Centruroides

Centruroides

(sen'tru-roy'dēz),
A genus of North American scorpions, the commonest species of which are Centruroides gracilis, the margarite scorpion; Centruroides vittatus, the stripe-back scorpion; and Centruroides sculpturatus, the deadly sculptured scorpion.
See also: Scorpionida.

Centruroides

A genus of venomous arachnids known popularly as scorpions.

Centruroides

References in periodicals archive ?
The aim of this work was to evaluate the effect of Bouvardia ternifolia, Aristolochia elegans and Vitex mollis extracts on Centruroides limpidus limpidus venom lethality in mice, and to determine their antagonist activity on guinea pig ileum.
PHYLOGEOGRAPHIC COMPARISON OF CENTRUROIDES VITTATUS POPULATIONS IN MIDDLE TENNESSEE AND CENTRAL ARKANSAS.
especially for the sting of the Centruroides scorpion.
The taxonomic distinction between Rhopalurus and another New World buthid scorpion genus, Centruroides Marx 1890, distributed from the southwestern USA throughout Mexico, Central America, the Greater and Lesser Antilles, to northern South America (Colombia, Ecuador, and Venezuela), remains unclear.
Centruroides vittatus (Say 1821) (Scorpiones; Buthidae), the striped bark scorpion, has a wide distribution utilizing a number of different habitats (Shelley & Sissom 1995).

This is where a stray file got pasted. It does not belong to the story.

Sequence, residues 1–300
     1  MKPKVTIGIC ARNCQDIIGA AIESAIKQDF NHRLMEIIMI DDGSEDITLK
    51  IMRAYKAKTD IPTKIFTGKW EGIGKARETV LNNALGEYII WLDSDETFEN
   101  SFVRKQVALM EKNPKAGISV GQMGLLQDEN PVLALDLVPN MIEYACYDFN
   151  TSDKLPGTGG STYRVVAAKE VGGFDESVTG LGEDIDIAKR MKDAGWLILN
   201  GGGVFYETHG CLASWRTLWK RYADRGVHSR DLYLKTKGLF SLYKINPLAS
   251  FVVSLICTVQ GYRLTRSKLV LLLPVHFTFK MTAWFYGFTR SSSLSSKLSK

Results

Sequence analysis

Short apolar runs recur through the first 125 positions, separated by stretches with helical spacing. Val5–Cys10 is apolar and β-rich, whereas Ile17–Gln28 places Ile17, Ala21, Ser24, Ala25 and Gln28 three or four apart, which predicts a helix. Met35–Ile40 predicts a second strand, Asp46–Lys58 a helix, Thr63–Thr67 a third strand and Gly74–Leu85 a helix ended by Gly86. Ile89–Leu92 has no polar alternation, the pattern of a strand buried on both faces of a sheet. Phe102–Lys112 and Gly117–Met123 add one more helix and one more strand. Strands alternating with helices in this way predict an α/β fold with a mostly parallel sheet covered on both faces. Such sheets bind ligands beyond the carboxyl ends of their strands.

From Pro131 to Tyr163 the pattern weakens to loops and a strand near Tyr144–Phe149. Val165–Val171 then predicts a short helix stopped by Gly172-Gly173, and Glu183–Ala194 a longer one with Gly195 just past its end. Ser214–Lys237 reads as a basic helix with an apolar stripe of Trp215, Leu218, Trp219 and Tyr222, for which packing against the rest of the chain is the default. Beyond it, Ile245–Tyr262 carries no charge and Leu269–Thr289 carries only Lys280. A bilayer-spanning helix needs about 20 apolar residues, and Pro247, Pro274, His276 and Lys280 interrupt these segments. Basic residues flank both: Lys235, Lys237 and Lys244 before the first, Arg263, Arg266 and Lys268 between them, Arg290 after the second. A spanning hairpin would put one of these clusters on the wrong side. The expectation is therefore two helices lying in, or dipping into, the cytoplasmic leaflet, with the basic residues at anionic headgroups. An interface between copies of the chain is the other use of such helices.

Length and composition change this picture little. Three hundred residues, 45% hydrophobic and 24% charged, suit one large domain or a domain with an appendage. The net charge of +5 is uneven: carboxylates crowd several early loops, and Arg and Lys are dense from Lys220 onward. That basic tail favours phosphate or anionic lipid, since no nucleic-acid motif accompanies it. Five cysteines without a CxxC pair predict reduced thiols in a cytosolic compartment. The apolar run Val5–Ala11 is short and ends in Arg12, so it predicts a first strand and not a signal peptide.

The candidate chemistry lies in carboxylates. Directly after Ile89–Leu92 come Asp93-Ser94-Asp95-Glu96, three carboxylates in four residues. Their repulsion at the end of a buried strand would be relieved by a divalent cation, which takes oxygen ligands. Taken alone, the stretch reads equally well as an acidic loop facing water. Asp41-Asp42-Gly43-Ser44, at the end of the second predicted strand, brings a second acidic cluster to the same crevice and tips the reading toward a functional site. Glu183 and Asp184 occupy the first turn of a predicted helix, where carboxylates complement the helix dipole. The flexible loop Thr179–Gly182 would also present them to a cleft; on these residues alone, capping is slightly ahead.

The new species is the first of the genus to be known from Colombia, raising to five the number of buthid genera in the country: Ananteris Thorell 1891, Centruroides Marx 1890, Microtityus, Rhopalurus Thorell 1876 and Tityus Koch 1836.
In species such as Centruroides exilicauda (Wood 1863), Vaejovis spinigerus (Wood 1863), Diplocentrus peloncillensis Francke 1975, and Pseudouroctonus apacheanus (Gertsch & Soleglad 1972) there is no relationship between female size and offspring production (Brown 2004).
rochai showed a short 1st instar phase (8 days) which was similar to Centruroides gracilis (Latreille 1804) (8 days) (Francke & Jones 1982) and Centruroides exilicauda (Wood 1863) (7 days) (Brown 2004) and half as long as Tityus trivittatus Kraepelin 1898 at 16 days (Toscano Gadea 2004).
A lectotype is designated for Centruroides elegans edentulus Werner 1939, originally described from Cuernavaca, Morelos, Mexico.
Four antivenins are commercially available for acute envenomation: black widow spider antivenin, Centruroides (scorpion) immune [F(ab').